Driver on meth who hit boy beats charge by arguing it enhanced driving skills

A drugged motorist has beaten a dangerous driving charge after experts said being on ice could have a positive effect on driving ability.


Leah Lenarczyk, 39, who had a mid-level concentration of methylamphetamine in her system, was acquitted of dangerous driving in the South Australian District Court over hitting and seriously injuring a 12-year-old boy after running a red light in 2012.

She was found guilty of a lesser charge of driving without due care.

The case has raised concerns from police and road safety authorities who will study the verdict to see if laws need to be changed.

Judge Barry Beazley said the prosecution had not proved that methylamphetamine had seriously affected the woman’s driving after two expert witnesses said ice, while illegal, could have positive effects on driver alertness, depending on its concentration.

Professor Jason White, from the University of South Australia, told the court that taking ice could make people aggressive and agitated but could also reduce fatigue and increase mental and physical performance.

Clinical forensic toxicologist Michael Robertson said the effects of ice included increased mental awareness and improved alertness and concentration.

Judge Beazley noted that the District Court was not a “court of morals”.

“The fact that the accused had consumed an illicit drug is of no relevance save that it had an adverse effect upon her driving,” he said.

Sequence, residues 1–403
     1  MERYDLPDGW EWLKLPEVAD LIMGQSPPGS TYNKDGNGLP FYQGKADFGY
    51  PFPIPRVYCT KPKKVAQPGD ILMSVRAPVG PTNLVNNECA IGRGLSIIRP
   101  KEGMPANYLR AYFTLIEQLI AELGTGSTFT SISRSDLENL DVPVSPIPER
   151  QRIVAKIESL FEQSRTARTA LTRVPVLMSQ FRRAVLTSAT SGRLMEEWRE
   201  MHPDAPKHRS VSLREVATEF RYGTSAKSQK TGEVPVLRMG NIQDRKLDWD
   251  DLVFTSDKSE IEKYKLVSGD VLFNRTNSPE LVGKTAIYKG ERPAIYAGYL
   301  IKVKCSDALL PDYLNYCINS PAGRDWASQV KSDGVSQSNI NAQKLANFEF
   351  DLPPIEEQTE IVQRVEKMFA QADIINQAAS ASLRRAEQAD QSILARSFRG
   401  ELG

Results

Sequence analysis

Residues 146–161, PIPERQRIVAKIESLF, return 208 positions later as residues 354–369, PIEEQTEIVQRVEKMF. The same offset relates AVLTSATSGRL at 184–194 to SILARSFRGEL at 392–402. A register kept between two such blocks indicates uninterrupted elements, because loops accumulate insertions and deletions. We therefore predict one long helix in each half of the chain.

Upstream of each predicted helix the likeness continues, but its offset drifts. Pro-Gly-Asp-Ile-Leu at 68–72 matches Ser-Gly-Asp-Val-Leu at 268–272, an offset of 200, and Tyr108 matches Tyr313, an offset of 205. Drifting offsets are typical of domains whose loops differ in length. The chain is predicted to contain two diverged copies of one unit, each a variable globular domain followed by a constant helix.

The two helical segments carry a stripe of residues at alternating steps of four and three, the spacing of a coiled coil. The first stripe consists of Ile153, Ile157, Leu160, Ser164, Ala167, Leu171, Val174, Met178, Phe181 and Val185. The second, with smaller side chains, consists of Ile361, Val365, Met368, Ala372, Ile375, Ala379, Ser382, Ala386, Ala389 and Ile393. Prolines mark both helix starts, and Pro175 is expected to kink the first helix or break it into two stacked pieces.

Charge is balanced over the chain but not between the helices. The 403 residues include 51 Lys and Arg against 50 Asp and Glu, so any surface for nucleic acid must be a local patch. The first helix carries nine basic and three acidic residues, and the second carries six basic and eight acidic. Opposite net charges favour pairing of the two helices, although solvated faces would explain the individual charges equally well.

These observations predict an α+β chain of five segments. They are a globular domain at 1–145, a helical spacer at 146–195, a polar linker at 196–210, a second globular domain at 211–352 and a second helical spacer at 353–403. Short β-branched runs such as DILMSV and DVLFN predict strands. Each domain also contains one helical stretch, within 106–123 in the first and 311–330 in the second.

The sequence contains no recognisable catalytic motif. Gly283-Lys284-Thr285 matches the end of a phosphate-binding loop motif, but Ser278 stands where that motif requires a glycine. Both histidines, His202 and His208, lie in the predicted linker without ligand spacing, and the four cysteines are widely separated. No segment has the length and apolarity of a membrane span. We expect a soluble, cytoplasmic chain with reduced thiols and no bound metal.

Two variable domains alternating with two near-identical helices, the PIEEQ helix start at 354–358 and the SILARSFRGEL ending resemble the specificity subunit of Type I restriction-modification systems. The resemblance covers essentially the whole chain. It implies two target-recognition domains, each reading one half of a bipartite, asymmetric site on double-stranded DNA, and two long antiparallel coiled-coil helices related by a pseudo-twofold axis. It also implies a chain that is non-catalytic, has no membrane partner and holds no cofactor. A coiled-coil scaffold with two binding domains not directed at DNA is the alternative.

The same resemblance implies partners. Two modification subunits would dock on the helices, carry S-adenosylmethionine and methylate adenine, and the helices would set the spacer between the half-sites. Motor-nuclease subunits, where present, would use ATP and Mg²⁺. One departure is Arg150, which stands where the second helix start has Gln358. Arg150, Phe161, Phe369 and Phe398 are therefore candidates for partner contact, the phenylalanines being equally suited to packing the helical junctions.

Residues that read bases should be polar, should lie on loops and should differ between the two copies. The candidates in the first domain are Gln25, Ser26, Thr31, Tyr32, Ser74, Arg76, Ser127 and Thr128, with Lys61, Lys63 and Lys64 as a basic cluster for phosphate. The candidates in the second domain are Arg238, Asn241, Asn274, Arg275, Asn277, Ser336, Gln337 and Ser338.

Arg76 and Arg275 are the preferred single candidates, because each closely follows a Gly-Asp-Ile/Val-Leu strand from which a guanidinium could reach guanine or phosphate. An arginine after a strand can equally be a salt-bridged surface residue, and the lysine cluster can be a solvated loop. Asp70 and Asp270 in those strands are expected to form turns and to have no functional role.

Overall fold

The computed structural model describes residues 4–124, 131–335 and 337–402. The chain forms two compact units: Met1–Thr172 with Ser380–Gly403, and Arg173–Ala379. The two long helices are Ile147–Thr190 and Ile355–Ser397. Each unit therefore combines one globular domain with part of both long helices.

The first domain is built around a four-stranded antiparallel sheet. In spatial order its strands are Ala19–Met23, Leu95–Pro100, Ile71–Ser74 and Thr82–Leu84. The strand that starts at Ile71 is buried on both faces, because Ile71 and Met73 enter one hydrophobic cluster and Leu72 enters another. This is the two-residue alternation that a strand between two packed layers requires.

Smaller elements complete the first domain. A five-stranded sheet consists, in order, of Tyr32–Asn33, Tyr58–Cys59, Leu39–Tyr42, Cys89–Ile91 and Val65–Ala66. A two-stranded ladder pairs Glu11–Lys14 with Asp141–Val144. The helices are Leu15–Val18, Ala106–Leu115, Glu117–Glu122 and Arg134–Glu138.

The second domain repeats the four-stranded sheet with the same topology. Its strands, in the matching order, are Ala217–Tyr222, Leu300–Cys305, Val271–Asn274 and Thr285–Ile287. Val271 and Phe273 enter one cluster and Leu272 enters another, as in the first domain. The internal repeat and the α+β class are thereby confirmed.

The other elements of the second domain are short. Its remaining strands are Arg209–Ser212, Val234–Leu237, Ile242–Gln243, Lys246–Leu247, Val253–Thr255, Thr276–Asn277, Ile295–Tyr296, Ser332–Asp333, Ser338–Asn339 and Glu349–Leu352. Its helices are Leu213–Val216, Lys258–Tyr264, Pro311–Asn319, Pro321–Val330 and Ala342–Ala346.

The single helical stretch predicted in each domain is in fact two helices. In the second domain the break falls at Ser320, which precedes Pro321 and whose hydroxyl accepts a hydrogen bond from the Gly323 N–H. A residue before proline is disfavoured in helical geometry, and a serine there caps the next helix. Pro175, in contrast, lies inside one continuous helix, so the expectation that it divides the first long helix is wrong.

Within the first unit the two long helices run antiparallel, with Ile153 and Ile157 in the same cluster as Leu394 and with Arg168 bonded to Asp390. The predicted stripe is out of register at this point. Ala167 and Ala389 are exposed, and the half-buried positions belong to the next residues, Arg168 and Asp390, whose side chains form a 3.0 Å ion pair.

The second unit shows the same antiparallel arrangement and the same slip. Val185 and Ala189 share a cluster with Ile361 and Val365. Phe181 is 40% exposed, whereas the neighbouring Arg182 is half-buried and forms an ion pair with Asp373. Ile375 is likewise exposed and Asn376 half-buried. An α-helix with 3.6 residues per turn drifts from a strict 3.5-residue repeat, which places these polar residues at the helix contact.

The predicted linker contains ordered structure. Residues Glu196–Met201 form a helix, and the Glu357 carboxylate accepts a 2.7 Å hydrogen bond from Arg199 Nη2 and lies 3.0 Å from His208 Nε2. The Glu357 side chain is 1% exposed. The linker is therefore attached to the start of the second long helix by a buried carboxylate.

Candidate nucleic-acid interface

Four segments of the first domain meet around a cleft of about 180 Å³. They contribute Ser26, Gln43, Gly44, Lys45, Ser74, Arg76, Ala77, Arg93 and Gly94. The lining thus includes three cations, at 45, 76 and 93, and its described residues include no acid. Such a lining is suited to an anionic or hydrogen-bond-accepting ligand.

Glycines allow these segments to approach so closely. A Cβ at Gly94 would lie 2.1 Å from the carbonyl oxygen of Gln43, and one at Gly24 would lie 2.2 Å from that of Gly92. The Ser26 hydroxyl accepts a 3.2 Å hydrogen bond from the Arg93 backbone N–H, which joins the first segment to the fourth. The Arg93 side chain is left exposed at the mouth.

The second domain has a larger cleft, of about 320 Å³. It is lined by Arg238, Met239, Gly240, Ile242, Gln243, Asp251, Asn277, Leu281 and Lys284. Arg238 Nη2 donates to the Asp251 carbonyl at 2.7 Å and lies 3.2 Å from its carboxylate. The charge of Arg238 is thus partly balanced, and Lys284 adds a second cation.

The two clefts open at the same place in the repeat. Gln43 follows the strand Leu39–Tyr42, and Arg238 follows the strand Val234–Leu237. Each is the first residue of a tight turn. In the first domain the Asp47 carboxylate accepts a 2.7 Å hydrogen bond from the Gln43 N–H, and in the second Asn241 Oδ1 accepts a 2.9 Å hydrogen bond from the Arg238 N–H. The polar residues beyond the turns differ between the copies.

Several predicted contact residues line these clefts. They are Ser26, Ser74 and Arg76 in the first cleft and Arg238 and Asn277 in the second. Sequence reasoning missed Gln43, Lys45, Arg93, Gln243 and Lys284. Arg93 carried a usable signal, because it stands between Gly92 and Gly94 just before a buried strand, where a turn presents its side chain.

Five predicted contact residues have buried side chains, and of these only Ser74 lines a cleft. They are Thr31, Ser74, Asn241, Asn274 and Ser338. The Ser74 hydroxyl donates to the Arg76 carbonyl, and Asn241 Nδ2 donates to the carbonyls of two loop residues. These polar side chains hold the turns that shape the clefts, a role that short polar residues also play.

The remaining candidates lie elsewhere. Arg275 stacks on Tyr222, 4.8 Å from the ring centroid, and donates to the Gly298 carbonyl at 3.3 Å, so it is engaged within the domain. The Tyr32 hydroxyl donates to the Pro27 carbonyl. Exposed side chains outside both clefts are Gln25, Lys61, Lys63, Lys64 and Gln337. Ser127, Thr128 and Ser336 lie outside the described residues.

On that point he was satisfied that Ms Lenarczyk was not so affected by ice that she was incapable of effective control of her car.

Assistant Police Commissioner Linda Williams said while each case had to be considered on its merits, police would study the verdict and work with the state government to consider if legislative changes were required.

But she said driving while drugged remained an offence and it would be “business as usual” for police.

“We will still be out there looking for people drink-driving and drug-driving,” she said on Friday.

“We would want people to be very clear that this is a dangerous pastime if you’re going to take drugs and drive a car.”

The Motor Accident Commission said it would also review the verdict.

“Last year 24 per cent of people killed on our roads had some type of illegal drug in their system,” the commission’s general manager of road safety Michael Cornish said.

“Drug driving does affect your behaviour on the road and increases the risk, not only to yourself, but to the community at large.”